On Tuesday I attended NBC’s Summer Press Day, a day long panel extravaganza filled with actors you vaguely recognize from USA, E!, SyFy, Netflix, and of course NBC. Walking in to the press room with my iPad mini and seeing 50 laptop screens aglow felt a lot like Elle Woods walking in to that Harvard classroom with just a notebook. Happily, I quickly realized that reporters brought laptops to entertain themselves during panels they didn’t care about. My iPad mini more than rose the the occasion.
The first show of interest was Last Comic Standing, executive produced by Wanda Sykes. Also on the panel was Roseanne Barr (a judge) and out executive producer Page Hurwitz. One highlight was when a reporter brought up the “women aren’t funny” question.
Reporter: For Ms. Barr and Ms. Sykes, could you talk a little bit about how things have changed for women in comedy, and in light of last fall, when we had people still making comments that women aren’t funny on Saturday Night Live and things like that? Is it getting better? Is it getting worse? What needs to be done?
ROSEANNE BARR: It’s just something that stupid people say. It’s totally irrelevant, and I don’t pay any attention to it. There’s a lot of great women stand up comics in this competition. There’s a lot of great women comics, you know, for many years. And that’s just something easy that people are allowed to get away with. If you were going to change the word “woman” to another ethnic, to an ethnic word, they would not be allowed to get away with saying stuff like that. But that’s the thing that hasn’t change and never will change, the attitude of the people who are invested in that kind of crap, but we don’t pay attention to it.
WANDA SYKES: I wholeheartedly agree with Roseanne. I think it’s a ridiculous statement. I don’t think it’s true, and I think — and no offense to you -‑ but when we keep getting asked that question, all you’re doing is just giving more credit to it, so it should not be said. There’s a lot of men who aren’t funny.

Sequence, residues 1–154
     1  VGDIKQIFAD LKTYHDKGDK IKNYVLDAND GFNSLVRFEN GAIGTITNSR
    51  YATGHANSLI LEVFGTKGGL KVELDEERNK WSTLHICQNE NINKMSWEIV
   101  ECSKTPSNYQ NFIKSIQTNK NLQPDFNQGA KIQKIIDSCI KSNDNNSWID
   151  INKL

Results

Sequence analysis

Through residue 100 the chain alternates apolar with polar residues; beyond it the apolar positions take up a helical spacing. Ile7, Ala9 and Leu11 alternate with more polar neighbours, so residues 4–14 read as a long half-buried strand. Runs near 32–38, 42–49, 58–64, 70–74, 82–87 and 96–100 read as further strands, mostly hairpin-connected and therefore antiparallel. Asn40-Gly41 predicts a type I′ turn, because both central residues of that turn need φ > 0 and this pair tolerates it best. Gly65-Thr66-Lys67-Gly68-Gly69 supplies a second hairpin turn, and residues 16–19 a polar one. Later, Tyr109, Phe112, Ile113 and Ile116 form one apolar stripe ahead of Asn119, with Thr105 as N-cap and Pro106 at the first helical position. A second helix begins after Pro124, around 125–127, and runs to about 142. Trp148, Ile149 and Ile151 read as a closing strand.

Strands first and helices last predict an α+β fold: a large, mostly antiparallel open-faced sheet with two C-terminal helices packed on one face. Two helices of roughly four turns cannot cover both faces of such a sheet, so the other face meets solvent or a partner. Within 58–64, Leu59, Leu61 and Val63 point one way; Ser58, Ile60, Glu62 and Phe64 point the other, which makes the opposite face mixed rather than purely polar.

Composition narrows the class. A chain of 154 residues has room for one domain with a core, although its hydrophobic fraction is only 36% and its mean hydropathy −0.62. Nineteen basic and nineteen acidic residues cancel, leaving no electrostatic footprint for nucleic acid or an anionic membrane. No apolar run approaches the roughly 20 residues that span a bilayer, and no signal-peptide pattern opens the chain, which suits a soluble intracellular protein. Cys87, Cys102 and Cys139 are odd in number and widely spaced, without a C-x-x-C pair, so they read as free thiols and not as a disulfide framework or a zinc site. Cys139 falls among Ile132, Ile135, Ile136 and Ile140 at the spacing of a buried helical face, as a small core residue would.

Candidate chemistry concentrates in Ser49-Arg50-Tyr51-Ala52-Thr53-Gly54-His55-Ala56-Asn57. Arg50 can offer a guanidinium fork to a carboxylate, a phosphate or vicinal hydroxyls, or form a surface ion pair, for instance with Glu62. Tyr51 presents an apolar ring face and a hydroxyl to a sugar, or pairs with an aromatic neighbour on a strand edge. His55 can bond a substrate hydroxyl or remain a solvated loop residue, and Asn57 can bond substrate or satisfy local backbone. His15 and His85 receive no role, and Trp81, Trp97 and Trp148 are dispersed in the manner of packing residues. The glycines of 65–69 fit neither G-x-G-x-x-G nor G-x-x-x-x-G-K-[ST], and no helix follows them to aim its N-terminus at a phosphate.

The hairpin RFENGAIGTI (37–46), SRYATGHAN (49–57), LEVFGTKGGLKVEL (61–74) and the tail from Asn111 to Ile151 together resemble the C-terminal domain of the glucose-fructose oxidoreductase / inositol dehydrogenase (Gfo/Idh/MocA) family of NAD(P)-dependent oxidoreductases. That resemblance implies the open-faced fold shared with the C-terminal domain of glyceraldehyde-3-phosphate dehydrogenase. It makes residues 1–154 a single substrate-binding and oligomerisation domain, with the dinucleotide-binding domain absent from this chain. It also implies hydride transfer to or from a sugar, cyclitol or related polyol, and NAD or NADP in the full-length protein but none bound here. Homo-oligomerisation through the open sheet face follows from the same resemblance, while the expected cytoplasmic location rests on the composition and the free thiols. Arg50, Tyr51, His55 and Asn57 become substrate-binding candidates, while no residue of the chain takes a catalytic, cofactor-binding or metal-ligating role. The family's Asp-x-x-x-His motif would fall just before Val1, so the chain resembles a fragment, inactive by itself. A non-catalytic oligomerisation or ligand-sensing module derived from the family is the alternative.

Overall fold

PAGE HURWITZ: If I can, I would just say you answered your own question just by looking at this panel. I mean, you have two of the funniest people on the planet sitting here who happen to be women in the company of three other hilarious people.
ROSEANNE BARR: Next time say “Jews.”
Next came The Night Shift, a new hospital show about sexy doctors doing medicine type activities while looking intense yet attractive yet natural. The Night Shift is relevant to gay ladies because Jill Flint aka lesbian FBI agent Lana Delaney is going to play a lead The Night Shift character named Jordan Alexander. After the panel Jill Flint and I spoke one-on-one.
AfterEllen.com: What do you think fans of you on The Good Wife would like about you on this show?
Jill Flint: My fans from The Good Wife are going to enjoy seeing a woman who is taking charge in this position, and she is making a difference, and she is making a change. My character is not a wilting flower.
AE: We have our Hot 100 coming up. Who would you pick?
Jill Flint: You know I have always thought that Liv Tyler is probably the most beautiful thing that ever walked this earth. But then I’m a huge, huge, huge fan of Cate Blanchett.
Jill Flint and I both go for statuesque brunettes.
NBC’s Summer Press Day came to a close so I skipped off into the sunset with my phenomenal goody bag containing a Sharknado to-go cup, large bottle of Adam Levine’s new fragrance and a box of white wine that I am currently drinking. Keep it real, NBC.